Dr. John R. La Montagne, 61, deputy director of the National Institute of Allergy and Infectious Diseases, died Nov. 2 after he collapsed while standing in an airport line in his native Mexico City. The cause of death was pulmonary infarction edema.

Dr. La Montagne, an Alexandria resident for nearly 30 years, was an infectious disease biologist in the early years of his public health career. His specialty -- or, as he put it in a speech a few years ago, his "nemesis" -- was influenza.

When he died, he was an administrator overseeing a budget of about $4 billion at NIAID, a component of the National Institutes of Health that supports research into such infectious diseases as HIV/AIDS, influenza, tuberculosis, malaria and illness from potential agents of bioterrorism.

Before coming to NIAID in 1976 as the Influenza Program officer, he organized and managed clinical trials of vaccine for swine flu. He became the program officer for the Viral Vaccines Program in 1983 and the Influenza and Viral Respiratory Diseases Program officer in 1984.

In 1986, he became director of the AIDS Program. In 1987, he became director of the Microbiology and Infectious Diseases Program, where he led an interagency effort to cope with emerging infections, as well as measles and other diseases staging comebacks.

He was appointed deputy director of NIAID in 1998. That year he helped develop a strategic plan for new vaccines against childhood diarrhea and pneumonia.

He also played a key role in organizing the Multilateral Initiative on Malaria, which sought to combine research and public health efforts in Africa, Europe and the United States. Malaria affects an estimated half-billion people worldwide.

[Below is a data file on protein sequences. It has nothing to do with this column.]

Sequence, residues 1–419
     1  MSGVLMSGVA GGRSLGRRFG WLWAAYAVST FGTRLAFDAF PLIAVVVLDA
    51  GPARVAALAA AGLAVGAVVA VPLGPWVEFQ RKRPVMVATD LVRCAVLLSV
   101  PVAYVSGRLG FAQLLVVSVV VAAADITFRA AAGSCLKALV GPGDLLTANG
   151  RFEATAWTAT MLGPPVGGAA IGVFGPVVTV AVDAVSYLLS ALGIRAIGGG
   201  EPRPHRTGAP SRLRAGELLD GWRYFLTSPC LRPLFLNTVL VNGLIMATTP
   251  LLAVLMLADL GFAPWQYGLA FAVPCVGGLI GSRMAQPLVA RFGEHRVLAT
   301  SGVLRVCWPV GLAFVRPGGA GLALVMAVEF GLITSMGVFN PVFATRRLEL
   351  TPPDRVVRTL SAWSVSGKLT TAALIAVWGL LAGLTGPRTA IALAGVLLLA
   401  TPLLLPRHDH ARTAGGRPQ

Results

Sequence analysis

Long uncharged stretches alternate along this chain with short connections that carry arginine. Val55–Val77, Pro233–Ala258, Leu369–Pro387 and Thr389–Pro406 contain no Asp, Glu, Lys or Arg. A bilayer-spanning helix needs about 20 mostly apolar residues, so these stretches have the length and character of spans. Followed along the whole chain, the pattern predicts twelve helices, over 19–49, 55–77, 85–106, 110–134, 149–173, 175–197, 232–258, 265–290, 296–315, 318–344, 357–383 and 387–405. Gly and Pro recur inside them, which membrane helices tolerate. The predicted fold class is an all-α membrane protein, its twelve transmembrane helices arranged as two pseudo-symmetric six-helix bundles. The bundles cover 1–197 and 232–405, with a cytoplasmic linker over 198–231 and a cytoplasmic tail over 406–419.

More recently, Dr. La Montagne focused on biodefense activities. He served as a member of the Biomedical Research Confederation Executive Steering Committee at Fort Detrick and as co-chairman of the Research and Development Gaps Working Group, a component of the Weapons of Mass Destruction Subcommittee at the National Science and Technology Council.

Dr. La Montagne was born in Mexico City, where his father worked for General Motors, and graduated from Lamar High School in Houston, where he lived with his grandmother. His younger brother Gregg had always heard that Dr. La Montagne became a scientist because another of their brothers had a Gilbert chemistry set in a dresser drawer in his room, and all the little bottles both intrigued and scared the young scientist-to-be.

Gregg La Montagne said his brother confirmed that story, partly, the last time the brothers saw each other, in Taos, N.M., this year. Dr. La Montagne told his brother it was that experience, plus an article he read in Look magazine at age 10 or 11 about a doctor who was working with vaccines, that inspired him.

"That just sounded like the thing he wanted to do," Gregg La Montagne said.

He received a bachelor's degree in 1965 and a master's degree in 1967, both from the University of Texas at Austin, and a doctorate in microbiology from Tulane University in 1971. He worked at the University of Pittsburgh in the early 1970s, teaching and doing research on polio and flu vaccine, before joining NIH.

He received the Surgeon General's Certificate of Appreciation, the Presidential Meritorious Executive Rank Award, the Distinguished Executive Award for his work in the area of infectious diseases research of global health relevance, the Secretary's Award for Distinguished Service for leadership pertaining to acellular pertussis vaccine trials and, most recently, the Secretary's Award for Distinguished Service for designing and implementing biodefense strategies.

In recent weeks, Dr. La Montagne worked on the nation's flu vaccine shortage. In an editorial in the latest issue of the New England Journal of Medicine, he and Dr. Anthony S. Fauci, NIAID director, wrote that in times of shortage, a lower dosage and injection between layers of skin rather than into muscle might safely extend the supply.

In an interview with the San Francisco Chronicle, Fauci described Dr. La Montagne, a longtime friend and colleague, as "one of the finest, gentlest human beings anyone ever met" and "one of the best infectious disease biologists around." Tommy G. Thompson, secretary of the Department of Health and Human Services, the parent agency of NIH, called Dr. La Montagne "a true public health hero."

Survivors include his wife of 36 years, Mary Elaine Elliot La Montagne of Alexandria; two brothers; and a sister.